There’s millions of fun stories from my rock’n’roll career as a woman. For example, you’ll never hear a man tell you a story about how he forgot his stockings or shoes at home. Once – I’ll never forget this as I’m very ashamed – I forgot about the concert and would only learn about it half an hour after it had already started, while with a student. My friend had to rush over with my concert outfit, while I had to rush over to the shoe store. It was only once I arrived at the venue that I realised that I had bought two different shoes. At least they were the same shade! Then there was another time, when I was in such a hurry that I didn’t even notice how I had failed to take off a sock before getting into my shoes and going up on stage that way. And no one even told me that I was wearing one sock! Not even the girls – there again we have female friendships!
I have never felt myself harassed in any way in the course of my rock’n’roll life because of my being a woman. Not at all. I realise that I might be less knowledgeable and skilled than some people, but I can’t remember any time when our rock’n’rollers said to me, “You’re a woman – what do you know!” I would have remembered something like that. It’s important without a doubt to have the support of the other female members of the Marshmallows. If we don’t support and look after one another, then how will we exist as a group? No one is holding on to the illusion that we’re “friends forever”. But just imagine that you arrive somewhere to work towards a common goal, but find that everybody there couldn’t care less about you and that you’re just there to perform your function? I really doubt that anyone would enjoy that, man or woman. And in the female universe, the exchange of positive energy between women is an absolute must.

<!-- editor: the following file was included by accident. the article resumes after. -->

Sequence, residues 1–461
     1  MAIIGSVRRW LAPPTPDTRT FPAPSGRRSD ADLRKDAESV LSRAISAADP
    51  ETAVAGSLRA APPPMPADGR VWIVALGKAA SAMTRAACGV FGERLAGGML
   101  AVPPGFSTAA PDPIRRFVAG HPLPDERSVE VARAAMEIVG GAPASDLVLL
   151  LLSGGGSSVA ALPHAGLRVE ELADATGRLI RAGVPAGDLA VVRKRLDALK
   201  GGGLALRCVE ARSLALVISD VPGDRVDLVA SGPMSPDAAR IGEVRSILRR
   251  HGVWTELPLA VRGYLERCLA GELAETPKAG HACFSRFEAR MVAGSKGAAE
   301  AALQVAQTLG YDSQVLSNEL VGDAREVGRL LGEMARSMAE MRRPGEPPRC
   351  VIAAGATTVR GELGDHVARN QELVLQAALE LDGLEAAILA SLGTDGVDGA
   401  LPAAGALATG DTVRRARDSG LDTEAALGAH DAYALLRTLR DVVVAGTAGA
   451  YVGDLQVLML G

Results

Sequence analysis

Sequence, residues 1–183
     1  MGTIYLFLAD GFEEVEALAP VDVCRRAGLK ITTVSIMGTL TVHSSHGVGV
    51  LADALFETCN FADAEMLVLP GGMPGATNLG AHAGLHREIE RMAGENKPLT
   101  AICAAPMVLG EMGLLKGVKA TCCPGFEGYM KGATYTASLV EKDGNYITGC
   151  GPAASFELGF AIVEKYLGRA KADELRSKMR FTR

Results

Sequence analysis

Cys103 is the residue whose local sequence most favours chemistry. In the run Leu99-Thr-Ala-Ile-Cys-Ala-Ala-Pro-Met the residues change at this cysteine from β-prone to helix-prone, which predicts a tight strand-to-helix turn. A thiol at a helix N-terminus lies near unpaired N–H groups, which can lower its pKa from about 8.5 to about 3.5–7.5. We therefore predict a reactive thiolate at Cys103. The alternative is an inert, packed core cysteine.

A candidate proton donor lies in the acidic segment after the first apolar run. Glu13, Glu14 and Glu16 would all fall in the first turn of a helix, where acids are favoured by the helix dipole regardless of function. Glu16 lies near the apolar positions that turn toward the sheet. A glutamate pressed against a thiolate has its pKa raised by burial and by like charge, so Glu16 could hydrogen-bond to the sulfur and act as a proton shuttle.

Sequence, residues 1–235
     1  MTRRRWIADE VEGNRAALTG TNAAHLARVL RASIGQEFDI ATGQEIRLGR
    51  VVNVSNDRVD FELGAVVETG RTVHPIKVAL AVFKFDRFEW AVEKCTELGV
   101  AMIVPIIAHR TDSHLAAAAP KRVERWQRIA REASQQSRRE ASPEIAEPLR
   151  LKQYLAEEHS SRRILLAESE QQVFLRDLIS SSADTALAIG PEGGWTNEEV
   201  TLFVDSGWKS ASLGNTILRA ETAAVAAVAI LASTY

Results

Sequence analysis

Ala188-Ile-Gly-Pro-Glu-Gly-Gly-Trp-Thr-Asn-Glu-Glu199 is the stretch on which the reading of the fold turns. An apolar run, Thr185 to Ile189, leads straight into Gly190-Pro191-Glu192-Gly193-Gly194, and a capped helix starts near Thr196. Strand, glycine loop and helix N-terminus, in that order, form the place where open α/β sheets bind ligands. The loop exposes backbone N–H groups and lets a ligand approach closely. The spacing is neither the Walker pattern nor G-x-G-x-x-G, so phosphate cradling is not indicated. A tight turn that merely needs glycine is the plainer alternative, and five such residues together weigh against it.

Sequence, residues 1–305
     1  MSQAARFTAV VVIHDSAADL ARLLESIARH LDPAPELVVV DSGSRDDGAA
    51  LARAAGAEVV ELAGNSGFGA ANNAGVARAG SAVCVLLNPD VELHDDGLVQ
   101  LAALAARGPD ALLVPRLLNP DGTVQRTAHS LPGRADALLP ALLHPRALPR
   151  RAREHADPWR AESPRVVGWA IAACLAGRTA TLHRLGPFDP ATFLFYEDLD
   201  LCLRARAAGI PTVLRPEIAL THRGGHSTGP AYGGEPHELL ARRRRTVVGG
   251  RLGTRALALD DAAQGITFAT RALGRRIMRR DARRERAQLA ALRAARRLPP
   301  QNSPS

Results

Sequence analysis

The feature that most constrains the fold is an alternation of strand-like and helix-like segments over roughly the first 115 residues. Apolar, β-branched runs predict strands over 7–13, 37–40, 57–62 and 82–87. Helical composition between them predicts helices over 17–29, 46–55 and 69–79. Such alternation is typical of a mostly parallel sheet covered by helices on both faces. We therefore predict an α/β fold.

My biggest female rock’n’roll heroes of all time ? I’ve already mentioned Wanda Jackson. My all-time favourite rock’n’roll song performed by a woman is Wanda’s “Rip It Up”. Let’s add Imelda May too, as I really like her vocals as well as her path to success. Same for Janis Martin too, no doubt! Bunny Paul, Brenda Lee and Jackie DeShannon. All women are heroines, but those who have conquered the rock’n’roll stage are just without equal.
I am optimistic about the future of women in Russian rock’n’roll. Of course. I mean, we’re part of that future! And there’ll be more women, that’s for sure !
I know there are still a very small number of men who believe rock’n’roll is man’s music and that the people who perform true rock’n’roll should be men. Well, a hundred years ago nobody could imagine a woman becoming president or going into space. Women can do anything. That’s a fact, not something you can choose to agree with or not agree with. If they don’t like the way that women perform, that’s another thing, but those who say that rock’n’roll is man’s music are still stuck in the Stone Age. While they’re at it, why not say that jazz is black people’s music?
Outside of rock’n’roll, I really like studying languages. Trying now to learn to play the ukulele. I dance from time to time; a little bit of everything.